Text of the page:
Reader's Workshop

Although this post could be a novel, as Reader's Workshop encompasses a lot of different aspect of reading (student and teacher), teaching and learning, and classroom environments and materials....I am going to use the KISS method today....(Keep It Super Simple).  If you know me at all, you know I am a huge fan of Reader's Workshop.  Like the Daily Five, it's just a structure...a way to teach reading.  It doesn't do the teaching for you and it doesn't write the lesson plans for you.  In many ways, Reader's Workshop and the Daily Five are the same, but in one small but very important way, they are different.  Reader's Workshop, embedded in the workshop model philosophy, the genuine reading & thinking struggles of the teacher, the teacher's metacognition shared out with the students, and the willingness to model this vulnerability in front of the students is critical to the success of the students in a Reader's Workshop format. 

In my humble opinion, the previous three books are all you need to teach reading comprehension in a Reader's Workshop format.  Mosaic of Thought is a not a step by step how to book, instead it's the book that gets your brain wrapped around your role and expectations as a Reader's Workshop teacher.  I created a glog book review on this book. 

Debbie Miller's book, Reading with Meaning: Teaching Comprehension in the Primary Grades, is an easy to read, easy to follow book that is written in sequential order.  The first few chapters are about setting for a Reader's Workshop.  Then, each chapter is a strategy, in this order, Making Connections/ Schema, Visualizing, Predicting and Inferring, Questioning, Determining Importance in Non-Fiction and Synthesizing.  If you do a 6-8 week strategy study with mini-lessons, this book's content will cover the entire school year.  When I first began teaching in the Reader's Workshop format, I created daily mini-lessons for each strategy based on the book and linked them on my original website, Here are the mini-lessons.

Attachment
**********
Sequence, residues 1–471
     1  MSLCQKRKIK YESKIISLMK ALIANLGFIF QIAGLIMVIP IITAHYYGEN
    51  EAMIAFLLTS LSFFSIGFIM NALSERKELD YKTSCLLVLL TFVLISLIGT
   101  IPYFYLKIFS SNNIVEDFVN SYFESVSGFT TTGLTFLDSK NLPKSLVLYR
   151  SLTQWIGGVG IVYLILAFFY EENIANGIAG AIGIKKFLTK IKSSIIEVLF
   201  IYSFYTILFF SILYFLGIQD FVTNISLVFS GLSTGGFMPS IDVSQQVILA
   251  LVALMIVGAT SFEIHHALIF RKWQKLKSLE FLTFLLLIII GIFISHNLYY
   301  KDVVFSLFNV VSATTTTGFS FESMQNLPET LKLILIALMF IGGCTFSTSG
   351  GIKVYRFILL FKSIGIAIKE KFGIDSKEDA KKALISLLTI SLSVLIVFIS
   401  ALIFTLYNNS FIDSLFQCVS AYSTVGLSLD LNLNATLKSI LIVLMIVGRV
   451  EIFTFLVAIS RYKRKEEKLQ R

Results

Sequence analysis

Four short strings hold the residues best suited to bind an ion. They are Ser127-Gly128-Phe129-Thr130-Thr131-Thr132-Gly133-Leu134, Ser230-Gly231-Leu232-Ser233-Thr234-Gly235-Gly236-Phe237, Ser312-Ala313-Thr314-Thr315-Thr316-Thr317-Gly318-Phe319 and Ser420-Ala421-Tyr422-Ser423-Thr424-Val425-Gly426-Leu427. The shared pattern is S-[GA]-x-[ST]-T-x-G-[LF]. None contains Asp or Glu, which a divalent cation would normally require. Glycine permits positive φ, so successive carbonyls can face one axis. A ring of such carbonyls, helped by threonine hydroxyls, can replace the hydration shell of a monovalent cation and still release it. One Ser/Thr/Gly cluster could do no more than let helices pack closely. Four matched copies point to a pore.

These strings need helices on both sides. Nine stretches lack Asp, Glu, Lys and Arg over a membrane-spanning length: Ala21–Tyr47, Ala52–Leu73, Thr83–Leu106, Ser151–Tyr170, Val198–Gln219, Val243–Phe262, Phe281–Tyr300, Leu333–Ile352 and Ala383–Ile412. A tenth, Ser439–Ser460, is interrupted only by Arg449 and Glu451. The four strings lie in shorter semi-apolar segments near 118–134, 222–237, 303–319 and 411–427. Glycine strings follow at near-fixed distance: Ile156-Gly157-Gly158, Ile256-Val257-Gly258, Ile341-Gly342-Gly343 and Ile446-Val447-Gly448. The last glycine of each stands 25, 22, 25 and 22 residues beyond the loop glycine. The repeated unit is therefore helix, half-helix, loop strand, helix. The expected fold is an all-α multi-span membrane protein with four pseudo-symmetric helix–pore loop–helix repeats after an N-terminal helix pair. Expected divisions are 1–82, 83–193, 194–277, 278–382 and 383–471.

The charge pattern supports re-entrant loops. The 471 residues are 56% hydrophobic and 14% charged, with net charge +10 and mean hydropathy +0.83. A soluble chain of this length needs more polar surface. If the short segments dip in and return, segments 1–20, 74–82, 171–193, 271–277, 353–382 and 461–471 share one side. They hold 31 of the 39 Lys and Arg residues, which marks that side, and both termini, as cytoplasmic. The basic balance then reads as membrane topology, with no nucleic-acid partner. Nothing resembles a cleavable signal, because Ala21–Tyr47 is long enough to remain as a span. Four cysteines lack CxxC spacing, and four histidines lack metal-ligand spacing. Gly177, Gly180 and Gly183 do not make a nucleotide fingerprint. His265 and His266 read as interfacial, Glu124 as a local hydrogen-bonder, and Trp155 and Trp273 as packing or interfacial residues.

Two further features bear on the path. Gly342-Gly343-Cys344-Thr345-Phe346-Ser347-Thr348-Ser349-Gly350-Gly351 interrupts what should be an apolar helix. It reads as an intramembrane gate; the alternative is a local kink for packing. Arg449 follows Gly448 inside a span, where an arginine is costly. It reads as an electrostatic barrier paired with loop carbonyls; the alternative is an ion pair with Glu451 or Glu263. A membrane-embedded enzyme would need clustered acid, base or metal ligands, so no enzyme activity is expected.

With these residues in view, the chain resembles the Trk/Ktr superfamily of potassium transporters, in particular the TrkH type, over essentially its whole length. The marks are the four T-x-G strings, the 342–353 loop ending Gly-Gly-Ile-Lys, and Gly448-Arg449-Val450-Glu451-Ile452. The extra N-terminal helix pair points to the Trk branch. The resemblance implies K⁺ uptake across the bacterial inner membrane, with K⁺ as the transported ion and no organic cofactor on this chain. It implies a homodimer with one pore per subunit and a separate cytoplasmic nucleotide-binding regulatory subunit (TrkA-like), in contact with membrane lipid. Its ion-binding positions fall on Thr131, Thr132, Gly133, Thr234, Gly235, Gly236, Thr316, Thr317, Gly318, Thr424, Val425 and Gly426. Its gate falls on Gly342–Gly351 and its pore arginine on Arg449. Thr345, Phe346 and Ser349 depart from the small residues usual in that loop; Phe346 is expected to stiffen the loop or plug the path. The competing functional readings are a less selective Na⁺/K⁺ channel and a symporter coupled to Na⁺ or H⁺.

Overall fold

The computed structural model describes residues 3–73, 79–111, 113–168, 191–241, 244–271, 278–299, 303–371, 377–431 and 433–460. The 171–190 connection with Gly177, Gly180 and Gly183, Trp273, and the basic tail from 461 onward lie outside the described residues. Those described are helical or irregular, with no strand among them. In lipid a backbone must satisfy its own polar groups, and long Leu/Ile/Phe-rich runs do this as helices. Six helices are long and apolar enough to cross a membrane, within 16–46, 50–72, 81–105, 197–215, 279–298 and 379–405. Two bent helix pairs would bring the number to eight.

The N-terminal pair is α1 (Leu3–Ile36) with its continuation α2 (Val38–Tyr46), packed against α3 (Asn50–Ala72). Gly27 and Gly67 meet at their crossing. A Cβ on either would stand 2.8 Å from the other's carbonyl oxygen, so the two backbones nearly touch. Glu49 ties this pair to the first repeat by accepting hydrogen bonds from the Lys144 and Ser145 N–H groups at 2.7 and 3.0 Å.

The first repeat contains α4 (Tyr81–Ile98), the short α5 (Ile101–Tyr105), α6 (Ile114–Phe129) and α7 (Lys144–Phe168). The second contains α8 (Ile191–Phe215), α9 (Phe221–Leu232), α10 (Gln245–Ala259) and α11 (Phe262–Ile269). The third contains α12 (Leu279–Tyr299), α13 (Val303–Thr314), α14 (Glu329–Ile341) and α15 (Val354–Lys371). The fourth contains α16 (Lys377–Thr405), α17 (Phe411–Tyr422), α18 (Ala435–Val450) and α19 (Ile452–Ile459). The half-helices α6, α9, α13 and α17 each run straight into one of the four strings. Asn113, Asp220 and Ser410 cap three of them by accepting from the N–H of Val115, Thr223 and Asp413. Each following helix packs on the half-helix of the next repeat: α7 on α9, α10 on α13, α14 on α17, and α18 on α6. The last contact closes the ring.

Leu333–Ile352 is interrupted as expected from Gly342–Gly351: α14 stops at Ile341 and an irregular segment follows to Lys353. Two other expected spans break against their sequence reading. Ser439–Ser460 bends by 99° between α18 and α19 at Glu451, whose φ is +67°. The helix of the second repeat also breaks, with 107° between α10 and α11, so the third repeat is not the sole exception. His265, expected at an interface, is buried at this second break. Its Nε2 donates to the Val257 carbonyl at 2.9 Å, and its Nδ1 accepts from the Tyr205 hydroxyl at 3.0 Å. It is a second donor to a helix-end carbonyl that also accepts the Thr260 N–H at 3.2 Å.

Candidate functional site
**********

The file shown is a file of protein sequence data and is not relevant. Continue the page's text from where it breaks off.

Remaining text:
In addition to the mini-lessons written for each strategy, I created a Reader's Workshop newsletter for parents explaining each strategy.  I would send each one home at the beginning of each new strategy unit.  Parents were grateful to have the background knowledge behind their child's new language.  Here are the newsletters, a series I named, Parent School. 

This year in my current position as the Curriculum and Instructional Resource Teacher and reading interventionist, I am fortunate to have a high group a sixteen 3rd graders for 90 minutes...I plan to teach in a Reader's Workshop and look forward to experimenting with the mini-lessons in Harvey and Goudvis, The Comprehension Tookit, grades 3-6.   



Jessica Meacham said...

Nice job, Jen! MOT transformed my philosophy of teaching reading 10 years ago. Have you ever tried this approach to strategy teaching-- Frontload in September (get D5 up and running), then start with metacognition/schema/connections, but at the same time gradually introduce the others. And from there be cyclical with your minilessons. I find it very confining to teach them month by month. It's more natural for me to want to talk about more than one strategy during a given day. I know that you continue with the others as you teach a new one, but I also know that I don't want to wait to teach synthesizing until the end of the year. Anyway, nice post! I enjoyed it. And, I'm linking it to my RW page as a resource. Your parent letters are fantastic!

Bernadette Lynch said...

Hi there Jennifer,
Wow, Congratulations on this awesome blog. I found it while searching for guided reading reciprocal teaching strategies. Teachers all over the world are attempting similar things with reading and metacognition, it seems! I love all your posts- a great teaching blog.
Here is my blog from Lara, Victoria, Australia

Erica Bohrer said...

I just found your blog through Pinterest. I love everything you share! Thank you.
Erica Bohrer's First Grade

Anonymous said...

I really enjoyed the time that I spent on your blog. As I was reading your parent school hand outs, I realized that the download for the synthesizing sheet was incomplete. Is there a way it can be re-uploaded. If it is an error on my part, I will be glad to go back and try again.

Thank you!

Anonymous said...

Awesome blog! I love the parent school resources! The newsletter for synthesizing seems to be having an issue. I can't wait to use these this year! Thank you!

Sara in Beirut in Lebanon said...

Like you, the first books I read about reading and writing workshop were Mosaic and Debbie Millar. I also read On Solid Ground in the same year. I teach 3rd grade over in Lebanon in the Middle East. Thank you for the great ideas and downloads. I will be back to visit often!

Shari Abbey said...

I'm anxious to hear your thoughts about the Comprehension Toolkit. We have been piloting that in my school this year.
Love your blog and all your products on TpT!

✿ Shari
Keeping It Fresh in 6th Grade

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